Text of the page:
And the expectations don’t just begin  at birth. There are also tons of pressures during the pregnancy concerning diet, exercise, sleeping habits, medical choices, music choices, nursery decorating color schemes, frequency of salon trips, heel height, and herbal tea choices.

But where I have most definitely felt the most heat during my pregnancy is in regards to my birthing plan. Yes, my birthing plan. Women have to have a birthing plan now. A thousand years ago I’m pretty sure most women’s birthing plan was simply “don’t die” or something similar. Now we’re supposed to consider the location, your clothing, the temperature, the music playing in the background, who should be in the room during labor (as opposed to the delivery audience), how much/little you want to nursing staff to intervene, under what conditions you would like to use pain medication, how bright the lights should be, what positions you feel comfortable being asked to lie in, and how soon after the birth you’d like to be offered to eat. And what’s completely ridiculous about this is most of the women compiling these plans have never given birth before, thus making it difficult for them to really go about making these decisions in any sort of educated manner. For example, if someone would have asked me how I felt about allowing medical students or other people I’ve never met or are not immediately necessary to the birthing process to come into my hospital room and inspect my downtown business before the day of delivery, I would have scoffed at them appalled and written, “Absolutely not.” But when I was asked that day if a Dougie Howser look-alike could watch the birth I believe my answer was, “Yeah sure whatever.” I never could have anticipated the amount of hospital staff members that had waltzed in and out of my room to check this or that and how after an hour or two I would be so focused on other things I would not care in the least.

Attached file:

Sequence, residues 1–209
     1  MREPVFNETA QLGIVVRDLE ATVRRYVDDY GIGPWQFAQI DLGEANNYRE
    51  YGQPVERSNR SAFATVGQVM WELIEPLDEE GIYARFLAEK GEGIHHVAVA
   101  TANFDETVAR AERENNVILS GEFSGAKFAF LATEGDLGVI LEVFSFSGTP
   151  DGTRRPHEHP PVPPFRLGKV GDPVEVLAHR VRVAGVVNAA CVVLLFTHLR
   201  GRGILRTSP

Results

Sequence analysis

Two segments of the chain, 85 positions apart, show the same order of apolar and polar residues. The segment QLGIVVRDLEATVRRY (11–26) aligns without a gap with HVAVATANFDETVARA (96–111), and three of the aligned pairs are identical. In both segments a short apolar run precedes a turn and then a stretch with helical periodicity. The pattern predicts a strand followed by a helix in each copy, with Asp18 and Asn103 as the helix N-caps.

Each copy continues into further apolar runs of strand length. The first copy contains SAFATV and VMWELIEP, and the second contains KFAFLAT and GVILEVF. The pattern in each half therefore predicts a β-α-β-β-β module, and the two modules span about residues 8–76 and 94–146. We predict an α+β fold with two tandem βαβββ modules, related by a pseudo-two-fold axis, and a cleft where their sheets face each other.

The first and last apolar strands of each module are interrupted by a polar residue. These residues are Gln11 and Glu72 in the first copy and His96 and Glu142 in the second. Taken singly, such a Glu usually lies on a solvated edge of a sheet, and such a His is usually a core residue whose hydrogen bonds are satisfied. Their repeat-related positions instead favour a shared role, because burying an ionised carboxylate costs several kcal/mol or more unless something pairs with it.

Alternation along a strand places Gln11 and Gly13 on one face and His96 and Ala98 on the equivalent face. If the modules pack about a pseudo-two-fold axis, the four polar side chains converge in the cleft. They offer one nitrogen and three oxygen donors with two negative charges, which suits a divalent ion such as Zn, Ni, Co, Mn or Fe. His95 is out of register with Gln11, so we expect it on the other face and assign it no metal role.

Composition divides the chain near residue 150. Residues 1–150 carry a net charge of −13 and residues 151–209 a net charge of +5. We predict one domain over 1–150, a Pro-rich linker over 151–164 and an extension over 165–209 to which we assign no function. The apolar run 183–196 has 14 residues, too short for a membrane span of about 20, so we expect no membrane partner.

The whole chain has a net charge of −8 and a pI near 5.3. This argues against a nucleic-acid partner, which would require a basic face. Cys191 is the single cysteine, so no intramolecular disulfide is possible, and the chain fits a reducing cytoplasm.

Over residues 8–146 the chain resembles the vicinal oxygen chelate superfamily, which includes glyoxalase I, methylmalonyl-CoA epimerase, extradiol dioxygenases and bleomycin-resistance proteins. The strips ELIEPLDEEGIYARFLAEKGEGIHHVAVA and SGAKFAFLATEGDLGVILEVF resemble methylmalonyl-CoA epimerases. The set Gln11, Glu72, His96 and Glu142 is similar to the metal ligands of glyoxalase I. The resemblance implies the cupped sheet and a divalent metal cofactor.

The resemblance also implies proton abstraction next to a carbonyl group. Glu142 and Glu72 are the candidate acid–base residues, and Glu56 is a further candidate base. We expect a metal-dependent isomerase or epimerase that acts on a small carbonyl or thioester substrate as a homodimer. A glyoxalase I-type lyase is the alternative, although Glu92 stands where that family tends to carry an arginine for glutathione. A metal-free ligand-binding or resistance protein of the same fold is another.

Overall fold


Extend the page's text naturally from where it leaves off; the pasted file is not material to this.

Those that endorse the birth plan option like to point out the various avenues one can take in birthing a child that don’t involve an open-backed hospital gown. You can give birth at home, in the bed your child was conceived in (and you’ll have to keep sleeping in later), in a blow up tub that is not unlike the pool already in my backyard for my two-year-old, or even the bathtub (which seems impossible. I’ve only taken the doctor-mandated post-birth baths in that tub and it’s so small I cannot imagine trying to successfully give birth in there without kicking someone in the eye).

When I was pregnant with Evalee, I was determined to be as educated as possible about the birth process. In truth, I was nothing short of terrified about the person I’d become in the moment. So I took to DVRing the Birth Day show on TLC and watching it regularly over dinner or before bed. (For the record, no, I didn’t have a lot going on at the time. Travis worked nights and my only other hobby was surviving the school year.) I watched so many women on the day they gave birth that the show became a game where I guessed at what point they were going to crack away from their natural birth plan (which 90% of the women on the show said they wanted) to get some pain relief.